Some of these changes may be for the better, and others are not. This book primarily concerns the normally aging brain, the neuroanatomical and neurophysiological changes that occur with age, and the mechanisms that account for them. It is not primarily about the behavioral or cognitive concomitants of those changes.
Recalling a list of items to purchase at the grocery store without a cue Recognition memory: Remembering if you learned a fact because you saw it on television, read it in the newspaper, or heard it from a friend Temporal order memory: Remembering that last Saturday you went to the grocery store after you ate lunch with your friends Prospective memory: Remembering to take medicine before going to bed Procedural memory: Open in a separate window Memory can also be broken down into different stages.
Acquisition is the ability to encode new information into memory. Rate of acquisition declines across the lifespan. Overall language ability remains intact with aging. Vocabulary remains stable and even improves over time.
Visual confrontation naming, or the ability to see a common object and name it, remains about the same until age 70, and then declines in subsequent years.
Visual construction skills, which involves the ability to put together individual parts to make a coherent whole for example, assembling furniture from a box of parts declines over time. These abilities include object perception, the ability to recognize familiar objects such as household items or faces, and spatial perception, the ability to appreciate the physical location of objects either alone or in relation to other objects.
Executive Functioning Executive functioning refers to capacities that allow a person to successfully engage in independent, appropriate, purposive, and self-serving behavior. This includes a wide range of cognitive abilities such as the ability to self-monitor, plan, organize, reason, be mentally flexible, and problem-solve.
Other types of executive function, such as the ability to appreciate similarities, describe the meaning of proverbs, and reason about familiar material, remain stable throughout life. Studies vary significantly in design, including study population and variables examined, and more research in this area is needed.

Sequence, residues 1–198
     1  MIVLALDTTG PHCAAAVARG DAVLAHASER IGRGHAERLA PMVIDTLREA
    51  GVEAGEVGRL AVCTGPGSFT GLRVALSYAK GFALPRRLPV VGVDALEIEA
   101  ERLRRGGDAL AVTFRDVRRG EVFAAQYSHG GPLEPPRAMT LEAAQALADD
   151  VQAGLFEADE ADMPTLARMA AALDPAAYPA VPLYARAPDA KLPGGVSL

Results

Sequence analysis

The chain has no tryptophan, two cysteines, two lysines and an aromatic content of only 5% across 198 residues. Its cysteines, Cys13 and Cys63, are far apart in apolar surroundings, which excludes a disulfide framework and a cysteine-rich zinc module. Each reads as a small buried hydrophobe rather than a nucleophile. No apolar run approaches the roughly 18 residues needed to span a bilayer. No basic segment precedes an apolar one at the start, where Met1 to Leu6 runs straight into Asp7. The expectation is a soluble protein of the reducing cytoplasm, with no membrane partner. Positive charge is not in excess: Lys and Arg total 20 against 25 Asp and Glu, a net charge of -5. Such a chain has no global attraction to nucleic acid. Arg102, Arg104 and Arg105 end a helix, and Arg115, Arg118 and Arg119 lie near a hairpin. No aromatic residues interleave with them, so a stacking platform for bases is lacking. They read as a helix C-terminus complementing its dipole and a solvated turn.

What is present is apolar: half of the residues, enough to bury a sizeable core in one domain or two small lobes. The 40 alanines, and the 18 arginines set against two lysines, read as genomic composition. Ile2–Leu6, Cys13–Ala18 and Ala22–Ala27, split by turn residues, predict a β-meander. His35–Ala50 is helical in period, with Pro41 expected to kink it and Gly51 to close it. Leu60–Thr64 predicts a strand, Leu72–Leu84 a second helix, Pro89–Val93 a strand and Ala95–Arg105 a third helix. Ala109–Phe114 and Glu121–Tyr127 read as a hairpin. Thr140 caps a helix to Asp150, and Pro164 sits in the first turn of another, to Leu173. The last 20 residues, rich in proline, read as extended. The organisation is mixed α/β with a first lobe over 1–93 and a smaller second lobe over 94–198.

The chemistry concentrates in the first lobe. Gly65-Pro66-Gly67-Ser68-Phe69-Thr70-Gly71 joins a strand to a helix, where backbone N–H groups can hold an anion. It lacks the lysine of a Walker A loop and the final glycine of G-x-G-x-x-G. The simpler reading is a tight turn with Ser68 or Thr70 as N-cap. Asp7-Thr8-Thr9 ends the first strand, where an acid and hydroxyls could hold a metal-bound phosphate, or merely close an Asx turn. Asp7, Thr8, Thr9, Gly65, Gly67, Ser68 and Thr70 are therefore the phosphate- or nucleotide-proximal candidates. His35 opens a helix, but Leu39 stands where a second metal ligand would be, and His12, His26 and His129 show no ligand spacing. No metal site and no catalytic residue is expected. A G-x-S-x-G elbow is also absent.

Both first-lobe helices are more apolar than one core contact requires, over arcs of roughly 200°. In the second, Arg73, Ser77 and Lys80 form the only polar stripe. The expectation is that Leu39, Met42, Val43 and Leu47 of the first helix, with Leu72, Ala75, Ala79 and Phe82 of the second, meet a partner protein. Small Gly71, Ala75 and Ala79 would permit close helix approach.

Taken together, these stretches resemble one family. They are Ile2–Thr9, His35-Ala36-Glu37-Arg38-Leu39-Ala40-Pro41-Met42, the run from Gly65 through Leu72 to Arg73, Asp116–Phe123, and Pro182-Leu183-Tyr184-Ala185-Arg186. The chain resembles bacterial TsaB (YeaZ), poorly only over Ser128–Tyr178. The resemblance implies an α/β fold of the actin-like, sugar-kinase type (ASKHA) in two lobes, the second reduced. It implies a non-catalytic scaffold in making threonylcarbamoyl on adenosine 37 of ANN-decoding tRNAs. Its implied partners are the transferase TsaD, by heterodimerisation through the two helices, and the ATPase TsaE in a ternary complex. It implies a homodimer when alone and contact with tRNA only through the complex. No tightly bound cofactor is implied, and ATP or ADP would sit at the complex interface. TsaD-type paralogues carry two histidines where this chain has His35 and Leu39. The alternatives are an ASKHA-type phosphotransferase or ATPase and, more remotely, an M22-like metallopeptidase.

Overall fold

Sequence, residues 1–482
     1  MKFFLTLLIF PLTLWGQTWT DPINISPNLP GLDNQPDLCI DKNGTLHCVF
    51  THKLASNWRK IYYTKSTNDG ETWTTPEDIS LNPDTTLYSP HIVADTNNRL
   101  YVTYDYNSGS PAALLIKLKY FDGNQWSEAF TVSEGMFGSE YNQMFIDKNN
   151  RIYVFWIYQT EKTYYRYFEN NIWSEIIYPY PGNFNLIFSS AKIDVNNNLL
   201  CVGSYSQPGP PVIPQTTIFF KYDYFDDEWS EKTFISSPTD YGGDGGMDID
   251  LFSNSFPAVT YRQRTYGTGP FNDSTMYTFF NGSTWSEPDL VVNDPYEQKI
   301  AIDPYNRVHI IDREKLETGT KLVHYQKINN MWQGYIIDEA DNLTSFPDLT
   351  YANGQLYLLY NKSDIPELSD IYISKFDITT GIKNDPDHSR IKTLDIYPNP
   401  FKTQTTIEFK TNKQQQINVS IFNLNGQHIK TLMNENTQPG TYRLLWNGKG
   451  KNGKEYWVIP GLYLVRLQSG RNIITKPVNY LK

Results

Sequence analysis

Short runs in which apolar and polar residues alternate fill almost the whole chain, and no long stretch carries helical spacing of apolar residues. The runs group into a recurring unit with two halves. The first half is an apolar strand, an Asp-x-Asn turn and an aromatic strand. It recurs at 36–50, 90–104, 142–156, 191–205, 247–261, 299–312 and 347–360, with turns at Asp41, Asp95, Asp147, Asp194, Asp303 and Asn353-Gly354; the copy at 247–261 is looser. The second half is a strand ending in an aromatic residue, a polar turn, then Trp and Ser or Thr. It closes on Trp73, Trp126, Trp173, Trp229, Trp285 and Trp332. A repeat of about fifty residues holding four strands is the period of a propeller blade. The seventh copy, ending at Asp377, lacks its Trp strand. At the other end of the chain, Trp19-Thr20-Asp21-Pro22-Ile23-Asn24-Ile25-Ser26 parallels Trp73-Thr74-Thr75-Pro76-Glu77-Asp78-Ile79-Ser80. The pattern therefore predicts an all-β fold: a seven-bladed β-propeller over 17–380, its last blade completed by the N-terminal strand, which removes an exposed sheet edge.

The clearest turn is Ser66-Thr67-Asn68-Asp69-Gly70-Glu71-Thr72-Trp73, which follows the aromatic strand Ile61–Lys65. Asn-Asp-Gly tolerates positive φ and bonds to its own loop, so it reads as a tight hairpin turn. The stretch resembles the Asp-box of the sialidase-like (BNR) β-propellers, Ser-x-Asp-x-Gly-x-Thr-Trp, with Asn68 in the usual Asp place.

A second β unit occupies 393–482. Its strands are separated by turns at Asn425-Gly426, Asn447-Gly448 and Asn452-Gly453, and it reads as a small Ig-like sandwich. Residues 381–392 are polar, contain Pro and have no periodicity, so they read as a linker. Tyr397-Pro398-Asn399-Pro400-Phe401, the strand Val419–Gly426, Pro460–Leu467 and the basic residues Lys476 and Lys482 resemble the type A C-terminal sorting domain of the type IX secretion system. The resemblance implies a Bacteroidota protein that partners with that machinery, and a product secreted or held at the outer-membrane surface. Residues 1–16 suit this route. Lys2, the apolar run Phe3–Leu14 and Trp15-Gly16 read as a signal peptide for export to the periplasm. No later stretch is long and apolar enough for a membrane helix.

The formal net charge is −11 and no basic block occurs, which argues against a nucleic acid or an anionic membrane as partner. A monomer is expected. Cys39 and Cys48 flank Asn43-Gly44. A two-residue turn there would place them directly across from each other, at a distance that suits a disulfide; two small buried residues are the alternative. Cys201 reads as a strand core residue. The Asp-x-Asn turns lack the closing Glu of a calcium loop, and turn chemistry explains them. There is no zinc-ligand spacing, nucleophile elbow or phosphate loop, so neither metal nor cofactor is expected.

In this section we will describe some of the age-related changes that have been identified and present theories for how these changes may relate to neurocognitive aging.
Grey matter volume decline Grey matter volume begins to decrease after age Age-related changes in the temporal lobes are more moderate and involve decreases in the volume of the hippocampus. Neuronal death is particularly detrimental given infrequent cell division and opportunity for mutations to therefore accumulate.
Its elevated presence in patients with mild cognitive impairment predicts conversion to AD. Thus, beta-amyloid can accumulate in the brains of people currently classified as cognitively normal, but it may signal high risk for developing cognitive impairment over time.
Mentalizing Mentalizing has been defined as the ability to infer the mental state of others. A recent study using functional MRI fMRI confirmed prior studies showing that older adults have decreased mentalizing capacity.
This raises the possibility that this area of the brain may be important for mentalizing, and may become less active with advancing age. Neuronal Size and Synaptic Density Despite the numerous theories explaining neuronal loss, grey matter volume decline in older adults is best explained not by death of the neurons themselves but by decrease in their size and the number of connections between them.
These morphologic changes likely contribute directly to the reduction of synaptic density.